With this in the backdrop, I ran across a passage in a book about why some products stick and some don’t. There was a discussion about simplicity, namely, how the best ideas or products are often those that have been boiled down to their core message. There isn’t a lot of fluff. No excess moving parts. No unnecessary complexity.
This resonated with me because I think we can sometimes fail to boil faith down to its core essentials.
We can inadvertently call students to a faith that has a lot of fluff and too many moving parts. How do we do this?
- We do this when we make a teenager’s church participation more about entertainment than about them owning their valued place in a Body of believers.
- When we make faith about rule following, or mere morality, we fail to communicate the core nature of the Gospel.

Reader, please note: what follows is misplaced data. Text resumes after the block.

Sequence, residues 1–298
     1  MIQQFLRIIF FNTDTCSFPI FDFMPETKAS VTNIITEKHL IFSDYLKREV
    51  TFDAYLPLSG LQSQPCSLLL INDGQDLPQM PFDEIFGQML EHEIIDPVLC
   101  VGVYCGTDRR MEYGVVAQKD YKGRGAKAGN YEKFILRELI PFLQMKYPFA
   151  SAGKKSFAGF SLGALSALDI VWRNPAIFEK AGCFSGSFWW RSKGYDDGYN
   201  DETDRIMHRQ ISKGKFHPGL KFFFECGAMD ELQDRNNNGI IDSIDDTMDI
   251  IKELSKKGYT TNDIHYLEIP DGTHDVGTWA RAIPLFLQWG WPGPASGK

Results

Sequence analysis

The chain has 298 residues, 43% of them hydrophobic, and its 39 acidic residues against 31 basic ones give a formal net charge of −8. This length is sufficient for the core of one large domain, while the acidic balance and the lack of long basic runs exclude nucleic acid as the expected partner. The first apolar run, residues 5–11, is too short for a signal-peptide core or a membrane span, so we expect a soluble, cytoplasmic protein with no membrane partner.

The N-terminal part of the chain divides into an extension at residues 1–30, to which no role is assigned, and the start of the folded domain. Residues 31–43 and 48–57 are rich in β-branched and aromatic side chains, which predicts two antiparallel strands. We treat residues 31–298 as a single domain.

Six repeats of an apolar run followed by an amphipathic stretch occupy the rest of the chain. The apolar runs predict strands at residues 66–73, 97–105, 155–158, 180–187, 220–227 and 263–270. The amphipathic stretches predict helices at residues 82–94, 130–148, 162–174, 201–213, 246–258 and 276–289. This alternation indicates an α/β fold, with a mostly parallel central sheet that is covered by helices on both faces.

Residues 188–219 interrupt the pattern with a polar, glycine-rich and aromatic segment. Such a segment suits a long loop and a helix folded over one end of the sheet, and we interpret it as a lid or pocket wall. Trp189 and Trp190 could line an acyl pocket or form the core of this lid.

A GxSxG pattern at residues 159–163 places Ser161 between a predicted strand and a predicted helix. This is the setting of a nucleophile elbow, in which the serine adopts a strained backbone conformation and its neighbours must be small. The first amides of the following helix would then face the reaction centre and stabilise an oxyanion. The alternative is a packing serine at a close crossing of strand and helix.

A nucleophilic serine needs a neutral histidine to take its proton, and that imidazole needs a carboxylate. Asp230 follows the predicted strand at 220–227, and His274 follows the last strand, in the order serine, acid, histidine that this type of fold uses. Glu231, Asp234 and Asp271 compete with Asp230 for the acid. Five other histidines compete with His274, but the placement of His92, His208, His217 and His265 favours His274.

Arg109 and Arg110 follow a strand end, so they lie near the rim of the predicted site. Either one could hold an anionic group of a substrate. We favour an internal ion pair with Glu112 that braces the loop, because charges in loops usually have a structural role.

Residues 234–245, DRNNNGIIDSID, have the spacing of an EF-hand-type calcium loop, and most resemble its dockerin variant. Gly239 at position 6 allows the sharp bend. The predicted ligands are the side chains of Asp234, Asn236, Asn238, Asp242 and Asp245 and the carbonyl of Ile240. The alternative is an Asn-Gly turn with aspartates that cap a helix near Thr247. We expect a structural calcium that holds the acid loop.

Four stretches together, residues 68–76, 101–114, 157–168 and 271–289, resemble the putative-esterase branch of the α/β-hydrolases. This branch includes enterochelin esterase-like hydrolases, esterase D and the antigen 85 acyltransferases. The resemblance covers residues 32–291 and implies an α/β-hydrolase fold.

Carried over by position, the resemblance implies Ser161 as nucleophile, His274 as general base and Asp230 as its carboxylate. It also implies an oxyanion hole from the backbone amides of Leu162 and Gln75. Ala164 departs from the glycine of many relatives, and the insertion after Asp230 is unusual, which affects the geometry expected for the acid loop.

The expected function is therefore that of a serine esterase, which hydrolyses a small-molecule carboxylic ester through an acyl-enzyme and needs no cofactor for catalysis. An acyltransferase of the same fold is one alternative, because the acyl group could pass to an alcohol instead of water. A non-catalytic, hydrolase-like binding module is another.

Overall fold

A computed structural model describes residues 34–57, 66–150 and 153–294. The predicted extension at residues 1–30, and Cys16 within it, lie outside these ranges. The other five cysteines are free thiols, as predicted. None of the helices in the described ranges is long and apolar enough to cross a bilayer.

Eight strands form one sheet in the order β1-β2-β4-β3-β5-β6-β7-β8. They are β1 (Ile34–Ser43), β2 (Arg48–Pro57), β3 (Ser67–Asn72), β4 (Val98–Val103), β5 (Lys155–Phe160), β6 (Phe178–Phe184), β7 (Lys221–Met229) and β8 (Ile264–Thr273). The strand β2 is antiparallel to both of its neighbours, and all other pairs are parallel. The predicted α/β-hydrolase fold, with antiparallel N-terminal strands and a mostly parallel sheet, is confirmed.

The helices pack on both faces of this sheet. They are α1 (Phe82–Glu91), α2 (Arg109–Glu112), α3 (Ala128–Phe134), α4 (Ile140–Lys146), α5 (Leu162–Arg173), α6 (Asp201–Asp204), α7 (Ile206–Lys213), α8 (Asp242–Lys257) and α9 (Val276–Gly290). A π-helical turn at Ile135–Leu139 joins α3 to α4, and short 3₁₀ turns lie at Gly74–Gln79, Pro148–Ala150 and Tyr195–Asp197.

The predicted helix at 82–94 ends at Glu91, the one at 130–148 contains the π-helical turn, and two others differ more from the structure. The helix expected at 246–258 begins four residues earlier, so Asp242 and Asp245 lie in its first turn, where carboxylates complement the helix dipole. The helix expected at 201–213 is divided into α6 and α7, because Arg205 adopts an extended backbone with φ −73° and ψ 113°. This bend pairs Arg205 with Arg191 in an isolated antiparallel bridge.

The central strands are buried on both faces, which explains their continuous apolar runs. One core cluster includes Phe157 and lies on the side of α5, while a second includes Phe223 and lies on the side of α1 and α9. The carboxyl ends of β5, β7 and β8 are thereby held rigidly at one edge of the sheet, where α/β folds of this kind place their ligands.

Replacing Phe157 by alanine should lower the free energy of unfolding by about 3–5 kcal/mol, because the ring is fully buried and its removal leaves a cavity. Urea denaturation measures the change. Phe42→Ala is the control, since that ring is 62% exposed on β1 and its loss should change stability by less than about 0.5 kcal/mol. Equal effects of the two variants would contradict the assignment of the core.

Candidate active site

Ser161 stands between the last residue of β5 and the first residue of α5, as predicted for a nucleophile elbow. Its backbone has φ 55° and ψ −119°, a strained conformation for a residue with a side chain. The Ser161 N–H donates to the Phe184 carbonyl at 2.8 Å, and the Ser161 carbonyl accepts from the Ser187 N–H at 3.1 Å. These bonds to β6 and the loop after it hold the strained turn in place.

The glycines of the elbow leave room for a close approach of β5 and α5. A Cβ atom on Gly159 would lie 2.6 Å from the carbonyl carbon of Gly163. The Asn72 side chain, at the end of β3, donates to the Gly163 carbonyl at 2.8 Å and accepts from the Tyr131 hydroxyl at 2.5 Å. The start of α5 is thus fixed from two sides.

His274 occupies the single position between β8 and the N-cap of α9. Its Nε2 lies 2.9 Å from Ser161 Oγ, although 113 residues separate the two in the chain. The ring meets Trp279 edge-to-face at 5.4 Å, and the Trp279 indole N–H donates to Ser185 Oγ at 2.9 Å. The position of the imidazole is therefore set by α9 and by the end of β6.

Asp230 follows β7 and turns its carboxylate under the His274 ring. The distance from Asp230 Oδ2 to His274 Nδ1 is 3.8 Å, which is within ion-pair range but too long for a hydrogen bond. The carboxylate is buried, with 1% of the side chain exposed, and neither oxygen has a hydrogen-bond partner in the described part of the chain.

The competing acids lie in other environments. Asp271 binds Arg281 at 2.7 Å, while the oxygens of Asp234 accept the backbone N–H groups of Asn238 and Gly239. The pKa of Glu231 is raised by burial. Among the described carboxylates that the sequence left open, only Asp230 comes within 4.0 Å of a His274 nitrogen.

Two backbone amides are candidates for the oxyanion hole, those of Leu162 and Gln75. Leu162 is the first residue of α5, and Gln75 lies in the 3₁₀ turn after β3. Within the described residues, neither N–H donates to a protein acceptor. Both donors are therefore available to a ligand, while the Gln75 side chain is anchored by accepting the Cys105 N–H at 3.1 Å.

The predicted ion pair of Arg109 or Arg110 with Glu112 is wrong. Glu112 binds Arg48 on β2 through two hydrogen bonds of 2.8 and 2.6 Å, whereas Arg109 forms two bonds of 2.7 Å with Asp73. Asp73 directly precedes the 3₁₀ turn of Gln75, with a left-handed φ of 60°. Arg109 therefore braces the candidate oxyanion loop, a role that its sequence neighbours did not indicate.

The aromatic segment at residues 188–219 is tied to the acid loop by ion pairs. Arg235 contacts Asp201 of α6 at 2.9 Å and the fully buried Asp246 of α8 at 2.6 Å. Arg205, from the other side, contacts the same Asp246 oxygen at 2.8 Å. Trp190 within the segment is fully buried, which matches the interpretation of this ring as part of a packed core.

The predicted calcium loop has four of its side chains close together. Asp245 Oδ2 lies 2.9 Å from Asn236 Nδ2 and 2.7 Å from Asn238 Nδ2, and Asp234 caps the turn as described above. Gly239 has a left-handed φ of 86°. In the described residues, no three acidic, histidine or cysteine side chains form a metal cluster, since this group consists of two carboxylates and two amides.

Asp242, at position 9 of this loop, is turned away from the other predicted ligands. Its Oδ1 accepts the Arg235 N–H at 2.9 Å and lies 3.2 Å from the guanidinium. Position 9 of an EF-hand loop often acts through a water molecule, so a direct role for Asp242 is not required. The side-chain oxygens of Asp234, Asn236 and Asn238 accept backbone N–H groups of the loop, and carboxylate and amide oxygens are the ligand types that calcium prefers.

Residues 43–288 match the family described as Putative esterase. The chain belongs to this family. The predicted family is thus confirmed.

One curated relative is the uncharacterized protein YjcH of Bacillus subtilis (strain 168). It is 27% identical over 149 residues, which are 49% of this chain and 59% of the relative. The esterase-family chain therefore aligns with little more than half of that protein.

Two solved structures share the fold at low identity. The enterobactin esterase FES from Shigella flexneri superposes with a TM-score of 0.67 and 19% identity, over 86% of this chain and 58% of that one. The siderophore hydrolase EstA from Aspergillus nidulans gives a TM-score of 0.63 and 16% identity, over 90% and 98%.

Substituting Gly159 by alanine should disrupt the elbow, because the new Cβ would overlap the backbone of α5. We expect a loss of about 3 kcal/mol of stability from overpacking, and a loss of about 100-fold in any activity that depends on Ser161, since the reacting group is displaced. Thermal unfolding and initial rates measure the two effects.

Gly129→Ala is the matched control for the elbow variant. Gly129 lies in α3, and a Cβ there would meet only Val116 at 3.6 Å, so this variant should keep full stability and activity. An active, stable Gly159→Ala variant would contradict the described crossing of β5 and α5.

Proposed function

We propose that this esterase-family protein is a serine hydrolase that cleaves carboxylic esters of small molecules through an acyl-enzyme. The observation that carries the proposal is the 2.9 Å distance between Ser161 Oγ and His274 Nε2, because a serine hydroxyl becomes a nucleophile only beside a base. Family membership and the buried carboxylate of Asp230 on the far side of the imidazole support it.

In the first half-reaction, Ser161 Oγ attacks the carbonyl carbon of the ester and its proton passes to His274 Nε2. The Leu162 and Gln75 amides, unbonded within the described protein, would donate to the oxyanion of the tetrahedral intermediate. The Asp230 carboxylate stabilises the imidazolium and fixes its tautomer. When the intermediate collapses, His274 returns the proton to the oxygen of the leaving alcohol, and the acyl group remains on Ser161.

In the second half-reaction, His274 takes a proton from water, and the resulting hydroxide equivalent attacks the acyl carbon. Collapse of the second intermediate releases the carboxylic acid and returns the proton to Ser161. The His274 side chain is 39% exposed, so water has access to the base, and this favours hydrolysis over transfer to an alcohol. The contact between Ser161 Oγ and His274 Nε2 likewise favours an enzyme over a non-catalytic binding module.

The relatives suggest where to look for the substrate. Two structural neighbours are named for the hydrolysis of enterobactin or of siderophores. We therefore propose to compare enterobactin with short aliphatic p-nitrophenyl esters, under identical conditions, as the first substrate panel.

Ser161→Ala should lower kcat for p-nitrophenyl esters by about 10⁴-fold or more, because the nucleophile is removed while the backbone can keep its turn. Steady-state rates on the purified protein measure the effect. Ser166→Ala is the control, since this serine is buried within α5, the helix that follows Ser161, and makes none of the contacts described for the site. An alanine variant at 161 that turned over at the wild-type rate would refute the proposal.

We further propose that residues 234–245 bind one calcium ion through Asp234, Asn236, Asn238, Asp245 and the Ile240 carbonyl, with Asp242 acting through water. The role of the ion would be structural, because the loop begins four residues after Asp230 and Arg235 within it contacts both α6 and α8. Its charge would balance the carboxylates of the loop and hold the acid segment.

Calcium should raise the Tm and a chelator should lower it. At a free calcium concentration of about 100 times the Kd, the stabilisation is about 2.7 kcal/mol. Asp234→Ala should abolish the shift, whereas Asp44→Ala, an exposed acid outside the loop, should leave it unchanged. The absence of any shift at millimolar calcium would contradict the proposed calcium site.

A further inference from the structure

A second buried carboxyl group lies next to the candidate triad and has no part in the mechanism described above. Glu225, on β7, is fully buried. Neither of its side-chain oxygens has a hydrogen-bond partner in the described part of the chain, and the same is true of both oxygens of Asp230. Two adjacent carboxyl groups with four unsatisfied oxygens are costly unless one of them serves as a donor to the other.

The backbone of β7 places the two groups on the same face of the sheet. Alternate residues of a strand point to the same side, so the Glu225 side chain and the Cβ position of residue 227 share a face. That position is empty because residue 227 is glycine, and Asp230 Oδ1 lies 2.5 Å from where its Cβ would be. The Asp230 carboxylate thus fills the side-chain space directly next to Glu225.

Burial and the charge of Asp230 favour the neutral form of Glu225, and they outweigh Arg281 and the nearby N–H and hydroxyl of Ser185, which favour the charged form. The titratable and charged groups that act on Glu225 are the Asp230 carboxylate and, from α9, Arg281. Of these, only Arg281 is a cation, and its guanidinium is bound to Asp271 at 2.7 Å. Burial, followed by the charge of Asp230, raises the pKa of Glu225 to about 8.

- When we overemphasize certain aspects of faith over others (say, fellowship over evangelism), we create confusion about what is important.
- When our ministries are more program-centered than relationship-centered we send a confused message about what it means to be a Christ-follower.
I guess the tension I am working through is the idea of how and what we communicate about faith in general. If we aren’t communicating the core message of what faith is, we can’t blame students for not caring about it.
Maybe some teenagers don’t care because they don’t know what to care about.
These are questions I am still wrestling with. I’d love to hear your thoughts.